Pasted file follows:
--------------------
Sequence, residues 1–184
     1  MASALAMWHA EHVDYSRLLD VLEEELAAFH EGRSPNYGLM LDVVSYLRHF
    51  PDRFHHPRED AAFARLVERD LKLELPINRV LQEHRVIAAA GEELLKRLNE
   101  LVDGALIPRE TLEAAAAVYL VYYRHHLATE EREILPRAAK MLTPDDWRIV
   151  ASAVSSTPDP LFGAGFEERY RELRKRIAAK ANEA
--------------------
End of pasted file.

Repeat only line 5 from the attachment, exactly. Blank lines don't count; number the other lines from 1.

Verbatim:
   151  ASAVSSTPDP LFGAGFEERY RELRKRIAAK ANEA